FRONT-WHEEL FRICTION DRIVE ELECTRIC BICYCLE MOTOR     Oliver Chen Mireille Ghoussoub Cherry Zhou       Project Sponsor: Dr. Andrej Kotlicki       Project 1316 Engineering Physics 459 Engineering Physics Project Laboratory The University of British Columbia April 3rd 2013 Executive Summary   Many cyclists are seeking easy solutions to bring electric power to their bikes. Having an electric motor that can be switched on to get a boost going uphill, to go faster, or to simply take a break from pedaling can be very useful. With these motivations, we sought to develop a front-wheel friction-drive motor system that could be easily mounted and removed from any adult-sized road bike. The objective was to develop an easily mountable solution containing the motor, controller, battery pack, and throttle that could be installed within minutes.   Friction-drive motors are a cheaper, lighter alternative to the more common hub motors that must be permanently attached to the wheel of the bike.  Indeed, the motor mechanism component of our design weighs 1.45 kg, and the total weight of our design does not exceed 3 kg (depending on the size of battery pack used). The design of our solution was based on goal of keeping the installation as simple as possible, whilst ensuring that the mechanism could tolerate the strong rotational forces introduced by the motor. Our solution mounts at the handlebars by means of two snap-on clamps, as well as at the fender holes, located at the hub of the front wheel of the bicycle. The design can be adjusted at two locations: by changing the angle between a horizontal and a vertical cantilever, as well as by changing the height of the supporting rods. The motor is attached to a pivot point, such that is has sufficient room to engage and disengage with the front tire. Blocker pieces are located strategically to ensure that the motor does not swing too far back and get stuck in the wheel.   The mechanical aspect of our solution has proven to be successful. We were able to mount the mechanism to five different bicycles, all of which varied greatly in handlebar shape and tire size. In all these cases, our solution was easily installed in under two minutes.    Installing a user-friendly throttle proved to be very challenging. The most successful attempt entailed running the controller by means of a purchased servo tester circuit; however, our throttle setup was not functioning in time for us to do test ride our solution. We therefore cannot present meaningful results as the electrical efficiency of our system.   We recommend three important actions to be taken to ensure that our solution be safe and fully-functional. First, all electrical parts should be protected in a water-proofed enclosure. Secondly, a push button throttle should be installed along with the servo tester circuit. Finally, we recommend that an emergency brake be installed to ensure the safety of the user in the case where the throttle or controller fails.  TABLE OF CONTENTS ABSTRACT?????????????..???????????????..?ii LIST OF FIGURES?????????????????.????????...?iv LIST OF TABLES????????????????????????..??.....v 1.0 INTRODUCTION?????????????????????????...7  1.1Background??????????????????????????.7  1.2 Objectives??????????????????????????..7  1.3Scope and Limitations?????????????????????.....7  1.4Organiztion??????????????????????????.7 2.0 DISCUSSION??????????????????????????.?..8  2.1 Theory????????????????????................................8  2.2 Methods and Testing Protocol??????????????????....9  2.3 Mechanical and Electrical Components??????????????..14  2.4 Results???????????????????????????..16  2.5 Discussion of Results?????????????????????...17 3.0 CONCLUSION???????????????????????????18 4.0 PROJECT DELIVERABLES?????????????????????..18  4.1List of Deliverables??????????????????????...18  4.2 Financial Summary??????????????????????..18  4.3 Ongoing Commitments by team members?????????????..19 5.0 RECOMMENDATIONS???????????????????????.20 6.0 APPENDICES???????????????????????????.21 Appendix A. SolidWorks Drawing of Key Components????????????...21 Appendix B. Electronics Schematics????????????????????.25 Appendix C. Cost of Materials of the Project???????.?????????...27 7.0 REFERENCES?????????????????????????.......28  LIST OF FIGURES  Figure1. Friction-drive Mechanism Figure2. Handlebar Clamp Figure3. Supporting Rod Figure4. Joint between Horizontal and Vertical Cantilever  Figure5. Slots on the Tip of the Supporting Rod Figure6. Motor Blocks Figure7. Servo Tester Device Figure8. 3D Printed Throttle Attached to Pot Figure9. Hall Sensor Throttle Figure10. Jump Cable Circuit Figure11. Examples of Successful Mounting Cases Figure12. All-in-one Units in A Bike with Fender Figure13. Weight Comparison between Hub Motor and Our Design Figure14. Whole Set of All-in-one Units Figure15. Solidworks Design of Fully Assembly Figure16. Solidworks Design of Clamp Figure17. Solidworks Design of Motor Attachment Figure18. Solidworks Design of Vertical Cantilever Figure19. Solidworks Design of Horizontal Cantilever Figure20. Solidworks Design of Blocker Hole Zoom In Figure21. Solidworks Design of Supporting Leg Figure22. Solidworks Design of Fender Hole Attachment Figure23. 555 Timer Figure24. Electrical Schematic     LIST OF TABLES  Table1. Financial Summary Table2. Cost of All-in-one Units Table3. Industry-standard Benchmarks 1.0 INTRODUCTION  1.1 Background  As demonstrated by their popularity, bicycles are one of the most practical, cheap, and sustainable transportation solutions around the world. However, the physical exertion required to travel uphill or to go faster poses a disadvantage to many riders. Keeping in the spirit of sustainability, we built an electric friction-drive motor that can easily attach to the front wheel of a typical touring bike. The system allows the rider to engage the motor when they wish to go faster, or take a break from pedaling. The reasons for opting to build a friction-drive motor, instead of a hub motor, lie in their easier installation, lower costs, and higher power to weight efficiency. While there currently exists solutions on the market, most come in the form of incomplete kits, and it falls to the user to customize the system to their bike. Our design offers an all-inclusive package that can easily attach to any touring-style bike. The purpose of this report is to communicate the results of our friction-drive motor design, as well as to provide recommendations for future improvement of the solution.  1.2 Objectives  Our aim is to build a removable, all-in-one unit, including battery pack, motor, controller, and throttle, which may easily attach and adjust to the front wheel of any touring-style bike. Specifically, the motor and battery should run for at least 40 minutes, with the bike moving at an average of 15 km/h. We are not developing a very powerful electric bike motor, but rather one that may be easily transferred between different bicycles.   1.3 Scope and Limitations  This report primarily addresses the mechanical aspect of our solution. It will present all features of our mechanical design, the reasons behind our choices, and our design's ability to mount to different bikes. It does not include information on the riding experience or on power considerations, as we were unable to obtain sufficient test riding data. These serious limitations are due to last-minute failures to produce a correct throttle signal to run the motor, and they will be further addressed in the discussion section of this report.  1.4 Organization  Our recommendation report is comprised of four main sections: Discussion, Conclusions, Project Deliverables, and Recommendations. The Discussion section covers the physical theory behind our mechanism, the methods undertaken to construct an easily-mountable device, the attempts to develop a user-friendly throttle, and the results of our solution.    2.0 DISCUSSION 2.1 Theory  Theory behind the friction-drive mechanism In a friction-drive setup, the spinning motor comes into contact with the tire, and causes it to spin. The motor is attached to the bike such that it can pivot under the impact of its own angular momentum, thus engaging with the bike wheel. Once it is in contact with the bike wheel, the high coefficient of friction between the two surfaces prevents it from disengaging. In order to achieve maximum power transfer from the motor to the wheel, the motor must engage just enough with the tire to prevent it from slipping without deforming the tire.  Figure1. Friction-drive Mechanism  2.2 Methods and Testing Protocol  Methods of constructing an easily-mountable device  In order to make solution that could be adjusted to fit different bicycles, we considered all possible locations to which the motor could be mounted. These options included the handlebars, the head tube, the hub, and the front-wheel forks. Our selection was based on which locations would best support the forces introduced by the motor mechanism, whilst minimizing the number of places where the user must attach the device. Based from Tao Wang's 479 project recommendation report, we chose not to use the fork blade curvatures to mount the motor, as they proved to weaken under the force of the motor. We selected instead to mount the mechanism at the handlebars and the hub of the front wheel, and this proved to be successful.  Mount Testing Protocol To test the quality of our solution, we attempted to mount the mechanism to different bicycles at the UBC Bike Kitchen. These attempts allowed us to identify the weaknesses in our design, and it took several reiterations of certain parts before our current solution was achieved. To ensure that the testing provides meaningful insight, we purposely tested on bikes of varying handlebar width and shape, and of different tire size.  2.3 Mechanical and Electrical Components ? Handlebar mounts  The mechanism attaches at the handlebars by two polyethylene clamps. The pieces were waterjet-cut, and are flexible enough to accommodate handlebars of 2 to 3 cm in diameter. A bolt screws through each clamp to ensure rigidity. The clamps snap onto the handlebars from the under, rather than over (see Figure 2), and this setup avoids interference from gear cables, which often lie directly in front of the handlebars.   Figure2. Handlebar Clamp  ? Hub mounts  It quickly became apparent that the mounting at the handlebars alone could not withstand the rotational forces of the motor mechanism, and therefore made it necessary to include an attachment at the hub of the front wheel. We initially designed two rods that mounted to the hub; however, the difference between quick release and nut-type wheels made it difficult to find a solution that would fit all. From surveying the bikes available at the UBC Bike Kitchen, we found that roughly 50% of the bikes were of the quick-release-type, and 50% of the nut-type. Fortunately, during the survey we observed over 90% of the bikes have fender holes at the end of fork. Thus we decided to choose fender holes as the supporting point of the hub mount  ? Fender Hole mounts  As fender holes are designed to attach fender to the bikes, they have standard size of diameter, which fit to either M5 or M6 metric bolts. Using this advantage, we design our supporting rod as shown below: two holes are used to connect to the fork, and the rest for the fender if needed.  Figure3. Supporting Rod  ? Adjustable designs   There are several designs in the mechanism to fit different bikes; they together ensure a rigid mount and perfect distance between motor and the tire.  ? Joint between horizontal and vertical cantilever  The joint has one pivot point and a circular slot so that the angle between two pieces can be adjusted continuously from 0? to 90?.    Figure4. Joint between Horizontal and Vertical Cantilever  ? Slots on the tip of the supporting rod  These slots provide multiple level of height the motor can be mounted so that the motor is close enough to engage when running but not too close that it hits the tire when not running. The distance between the top slot and the bottom slot is 9 cm.  Figure5. Slots on the Tip of the Supporting Rod  ? Motor blockers  Motor blockers are used to block the motor from over engaging, in which case the motor get stuck with the tire. Multiple holes were included should the user wish to relocate the blockers fit the specific blocking angle required for their bike.   Figure6. Motor Blocks  ? Throttle  The controller can run from a purchased servo tester circuit (see Figure 7). The device can operate in three modes, one of which allows the user to manually turn a potentiometer-knob to change the signal's duty cycle, and thus control the speed of the motor.   Figure7: Servo Tester Device ? Attempt 1: 3D Printed Thumb Throttle  Although the knob allows for smooth control of the motor speed, it is awkward to use whilst cycling. For this reason, we designed and 3D-printed a thumb throttle that mounts to the potentiometer knob (see Figure 8).   Figure8. 3D Printed Throttle Attached to Potentiometer knob  ? Attempt 2: Hall Sensor Throttle  Still, we were not satisfied with this solution as we were unable to implement a spring that would make the throttle bounce back once the user ceases to press. The reliability and robustness of the throttle is critical to the safety of the user, and we therefore decided to use a purchased thumb throttle (see Figure 9). This throttle was actually a hall sensor throttle, which produces a signal varying linearly from 0 to 5 V with the angle of rotation. We then tried to control the output of the servo tester circuit by attaching the hall sensor throttle to its input. Following the advice of hobbyists online, we removed the potentiometer and jumped a cable on the servo tester circuit; however, this failed to control the duty cycle of the signal.   Figure9. Hall Sensor Throttle  Figure10. 555 Timer Circuit  ? Attempt 3: On/Off Switch  We tried to implement a simple On/Off switch button onto the servo tester circuit. However, the changes we made to the circuit in our previous attempt seemed to have caused some damage, and output signal gave too small a duty cycle to have the motor speed be high enough to engage with the wheel.  ? Attempt 4: 555 Timer Circuit  In another attempt, we built a circuit to generate a square wave pulse that we could control by an on/off switch. The circuit uses a 555 Timer, and the duty cycle and frequency of the square wave output can be determined by the choice of resistor and capacitor values. Since this circuit can only produce square waves of duty cycles from 50% to 99%, we added an inverter to the output to obtain our desired duty cycle of 12%. The circuit generated the correct output signal when powered from a voltage supply. Previously, the servo tester circuit was powered by 5 V from the controller; however, we were unable to power our 555 Timer circuit this way. 2.4 Results Results of Test Mounting  The motor unit can be successfully mounted to different bikes with different kinds of handlebar designs. Three adjustable designs are discussed above to ensure the flexibility of the mounting.      Figure11. Examples of successful mounting cases   We even managed to mount our all-in-one units to a bike with a fender as shown in Figure 12.   Figure12. The unit attached to a bike with a front-wheel fender   In testing our solution, we measured the time taken to mount the motor unit to each bicycle. In every case, the time was under 2 minutes. An Allan key is the only tool required by the user to mount the mechanism.  The weight of our friction drive motor unit is 1.45 kg (not including controller, battery, and throttle), which is significantly lighter than a typical hub motor (see Figure 13).    Figure13. Weight Comparison between Hub Motor (5.32 kg) and Our Design (1.45 kg)   2.5 Discussion of results   In mount testing on a total of 7 bikes, 5 of them work perfectly, 1 of them could work after lowering down the handlebar, and the other one would not work due to fender hole is located on only one side of the fork. More testing can be performed to find other limitation and constraints of our design.   Speed testing has not been performed yet due to the problems we encounter with the electrical design. Test rides would be performed after electrical design is fixed.   Figure14. Motor unit  3.0 CONCLUSION  Based on the results, our solution has succeeded in being easily adjusted to fit a variety of road bikes. Its ability to fit onto a variety of handlebar shapes and sizes, and to accommodate different types of fender holes, indicates that it is a practical solution for people seeking a non-permanent electrically-powered motor solution for their bicycle. The two cases in which the unit failed to fit to the bike are exceptions that do not undermine the success of our solution. In the instance where the bike offered only one fender hole was considered to be rare by bike mechanics at the UBC bike kitchen. In the case where the distance from the handlebars to the front-wheel tire was too long, the handlebar stem was adjustable and could have been lowered to accommodate the motor mechanism.   Given the circumstances of our throttle circuit, we were unable to perform test rides, and therefore cannot provide information as to the electrical efficiency of our solution. This task will remain an ongoing commitment of all our team members.   4.0 PROJECT DELIVERABLES  4.1 List of Deliverables  The primary deliverable is the motor mechanism, comprising of the motor unit, and the supporting rods, and a controller and servo tester are provided for speed control.  4.1.1 Motor Unit The motor unit is comprised of the cantilever mechanism, as well as the two supporting rods. As mentioned previously, the unit will attach at the handlebars by means of clamps. The unit has the ability to adjust to various heights along the mount in order to achieve the optimal location for any bike. The batteries, controller, and cables are velcroed compactly to the unit.  4.1.2 Throttle A servo tester device serves as the throttle and should be attached to the handlebar mount where user can easily reach. Our current solution does not include a fully-functional throttle; however, our team is committed to ensuring that this deliverable will be ready by April 19th.    4.2 Financial Summary  # Description Quantity Cost Purchased By: Funded By: 1 Brushless DC Motor 1 $75.77 Bernhard Project Lab 2 Programming Box 1 $9.91 Bernhard Project Lab 3 Controller  1 $73.58 Bernhard Project Lab 4 Battery 1 $45.00 Bernhard Project Lab  5 Hall Sensor Throttle  1 $15.00 Bernhard Project Lab  6 Servo Tester Device 1 $4.15 Bernhard Project Lab 7 Water jet cut pieces  10 $20.00 Bernhard Project Lab  Total Cost  $243.41   Table1. Final Summary  4.3 Ongoing commitments by team members   Our team remains committed to ensuring that our bike motor is fully functional, and wish to include a working throttle as part of our final design. Our target date for this goal is, and we will turn in all our project deliverables to our sponsor, Andrzej Kotlicki, by Friday, April 19th.    5.0 RECOMMENDATIONS  Despite the success of our solutions' ability to mount to different bikes, it still lacks some important features that prevent it from being fully functional. The following is a list of recommended actions that should ensure that our final deliverables meet the original project objectives:  1. Waterproofing  We recommend that the controller and battery sit in a water-proof enclosure, underneath the metal frame.  2. Throttle Installation  Given that the only success in running the motor came from using the servo tester circuit, we recommend using this, along with a an ON/OFF push button. The servo tester circuit should operate in manual mode, with the potentiometer knob set to a position that ensures a duty cycle of at least 12%, to  ensure that the motor speed is high enough to engage with the tire. The COM port of the push button should connect to the input of the servo tester. The NC port should connect to the controllers ground signal, and the NO port to the controller's 5V signal. This setup should allow the user to activate the motor by pushing the putton, and deactivates it when the button is released. The user still has the option of adjusting the motor speed by changing the potentiometer knob on the servo tester circuit, as one speed may not be optimal for all bikes.  3. Emergency Brake  To ensure the safety of the solution, an emergency brake should be installed in case the throttle or the controller fails. The brake should therefore break the circuit between the battery and the controller, and the brake throttle should be mounted at an easily-reachable location.  4. Bicycle Basket  While our final recommendation is more a matter of personal preference, we would like to recommend that a basket be fit around our current mechanism. Aside from improving our design aesthetically, a basket would provide space to the controller and battery.   As mentioned earlier, our team members are commitment to the ongoing improvement of our solution, and we hope to have carried out the recommendations (notably 1 and 2) by the time the project deliverables are handed to our project sponsor.    Appendix A SolidWorks Drawing of Key Components   Figure15. Full motor mechanism assembly   Figure16. Handlebar clamp    Figure17. Motor attachment piece  Figure18. Vertical Cantilever    Figure19. Horizontal Cantilever  Figure20. Blocker Hole Zoom In     Figure21. Supporting Rod     Figure22. Fender Hole Attachment Appendix B Electronics Schematics   Figure23. 555 Timer Circuit  The frequency and the duty cycle can be adjusted by selecting appropriate resistor and capacitor values for R1, R2, and C1.  THigh  Time for which the signal is high, s TLow Time for which the signal is low, s F Frequency, Hz  THigh = 0.693*(R1+R2)*C TLow = 0.693*R2*C F = 1.44/[(R1+R2)*C]  At its maximum duty cycle, the PWM signal generated from the servo tester circuit has THigh = 2.10 ms, TLow = 14.3 ms, and F = 61.5 Hz. For the purpose of calculating R1 and R2, we assign the value of THigh to  TLow and vice versa, since the output of the 555 timer is then inverted. Resulting component values:  C = 47 ?F R1 = 360 ? R2 = 62 ?    Figure24. Electrical Schematic   Appendix C Cost of Materials for the Project  Removable all-in-one Units of Friction Drive Electric Bike Motor Material  Price  Weight/time  Cost  Aluminum  $8-10 /lb 174 g $3.84 Polyethylene $3-9 /kg 45g $0.45 Water-jet  $1/min  5min $5 Friction Motor  SK3-6374-149KV $75.77 N/A $75.77 Controller $73.58 N/A $73.58 Battery $35 N/A $35 Other Cost $20 N/A $20 TOTAL COST $213.67  Table2. Cost of All-in-one Units  The information of the Industry- Standard Benchmarks as shown in following table   Table3.  Industry-standard Benchmarks  REFERENCE Analytic Cycling (2012). Forces on Rider. Retrieved December 10, 2013. From  http://www.analyticcycling.com/ForcesPower_Page.html  Bicycle Design (2013) Retrieved January 10, 2013. From  http://bicycledesign.net/wp-content/uploads/2012/09/Footloose-assembly-pair-49 8x343.jpg  BikeFanatic (2010). Eboost-kepler friction drive Review and Testing.   Retrieved March 20, 2013. From    http://endless-sphere.com/forums/viewtopic.php?f=4&t=22026  Commuter Booster (2013) Retrieved January 9, 2013. From  https://sites.google.com/site/commuterbooster/photo-album  Eboost Power Assist (2013) Retrieved February 15, 2013. From  http://www.eboo.st/index.php?main_page=product_info&cPath=9&products_id1 &zenid=hv5n2hrgclcklqji52ejmlud91  MIT (2012) The Copenhagen Wheel. Retrieved September 29, 2012. From   http://senseable.mit.edu/copenhagenwheel/gallery.html  MIT (2013). Understanding D.C. Motor Characteristic. Retrieved November 19,  2013.  From http://lancet.mit.edu/motors/motors3.html  Rainer Pivit (2/1990). Drag Forces in Formulas. Pp.44-46. Retrieved November 18,  2013. From http://sheldonbrown.com/rinard/aero/formulas.htm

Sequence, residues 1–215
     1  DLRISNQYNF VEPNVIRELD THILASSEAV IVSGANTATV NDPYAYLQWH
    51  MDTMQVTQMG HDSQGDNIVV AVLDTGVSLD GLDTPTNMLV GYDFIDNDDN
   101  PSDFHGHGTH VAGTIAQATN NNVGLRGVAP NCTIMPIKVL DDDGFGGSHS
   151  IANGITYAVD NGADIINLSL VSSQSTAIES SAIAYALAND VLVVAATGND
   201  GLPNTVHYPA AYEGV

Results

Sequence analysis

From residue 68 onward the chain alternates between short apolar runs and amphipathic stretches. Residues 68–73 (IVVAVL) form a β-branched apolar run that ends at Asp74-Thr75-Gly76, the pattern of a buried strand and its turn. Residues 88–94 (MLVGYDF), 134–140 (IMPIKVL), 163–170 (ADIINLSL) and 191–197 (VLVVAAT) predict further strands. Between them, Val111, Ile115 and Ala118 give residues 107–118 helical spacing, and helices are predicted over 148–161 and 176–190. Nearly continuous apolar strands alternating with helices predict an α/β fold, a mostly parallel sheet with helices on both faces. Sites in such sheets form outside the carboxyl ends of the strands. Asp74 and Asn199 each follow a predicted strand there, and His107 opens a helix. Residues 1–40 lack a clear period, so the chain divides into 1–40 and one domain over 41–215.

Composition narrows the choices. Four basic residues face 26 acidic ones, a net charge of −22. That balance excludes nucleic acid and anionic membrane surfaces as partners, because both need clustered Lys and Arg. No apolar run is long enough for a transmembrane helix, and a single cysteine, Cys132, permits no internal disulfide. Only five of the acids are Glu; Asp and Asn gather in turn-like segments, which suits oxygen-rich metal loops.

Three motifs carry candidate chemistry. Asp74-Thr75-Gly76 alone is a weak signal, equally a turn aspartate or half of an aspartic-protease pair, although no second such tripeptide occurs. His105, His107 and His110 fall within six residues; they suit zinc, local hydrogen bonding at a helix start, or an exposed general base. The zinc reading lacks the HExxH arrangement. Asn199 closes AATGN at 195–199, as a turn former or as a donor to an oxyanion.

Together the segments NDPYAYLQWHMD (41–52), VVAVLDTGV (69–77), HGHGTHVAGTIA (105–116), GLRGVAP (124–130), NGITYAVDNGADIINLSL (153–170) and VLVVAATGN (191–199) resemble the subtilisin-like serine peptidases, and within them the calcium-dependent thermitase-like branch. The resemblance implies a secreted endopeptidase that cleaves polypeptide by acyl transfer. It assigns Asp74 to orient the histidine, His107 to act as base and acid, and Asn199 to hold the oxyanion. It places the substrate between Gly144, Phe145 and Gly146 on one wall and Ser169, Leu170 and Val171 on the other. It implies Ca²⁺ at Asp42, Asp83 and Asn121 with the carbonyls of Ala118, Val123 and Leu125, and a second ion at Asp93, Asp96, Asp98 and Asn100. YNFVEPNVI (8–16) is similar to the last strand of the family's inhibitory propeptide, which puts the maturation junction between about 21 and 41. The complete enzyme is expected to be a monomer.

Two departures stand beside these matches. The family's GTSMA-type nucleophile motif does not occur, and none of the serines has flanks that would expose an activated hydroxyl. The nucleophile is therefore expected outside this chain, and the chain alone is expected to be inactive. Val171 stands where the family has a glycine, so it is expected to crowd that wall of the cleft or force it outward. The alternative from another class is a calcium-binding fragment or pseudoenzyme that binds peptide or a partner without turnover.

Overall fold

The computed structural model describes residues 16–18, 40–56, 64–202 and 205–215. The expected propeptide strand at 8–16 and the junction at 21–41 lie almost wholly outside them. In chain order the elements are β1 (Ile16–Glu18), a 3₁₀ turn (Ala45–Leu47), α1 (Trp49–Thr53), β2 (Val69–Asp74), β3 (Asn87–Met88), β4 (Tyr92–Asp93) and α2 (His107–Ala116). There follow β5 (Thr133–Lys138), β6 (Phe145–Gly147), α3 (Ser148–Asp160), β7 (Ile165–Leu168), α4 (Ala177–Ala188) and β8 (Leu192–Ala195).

Citation Scheme:


Citations by CSL (citeproc-js)

Usage Statistics



Customize your widget with the following options, then copy and paste the code below into the HTML of your page to embed this item in your website.
                            <div id="ubcOpenCollectionsWidgetDisplay">
                            <script id="ubcOpenCollectionsWidget"
                            async >
IIIF logo Our image viewer uses the IIIF 2.0 standard. To load this item in other compatible viewers, use this url:


Related Items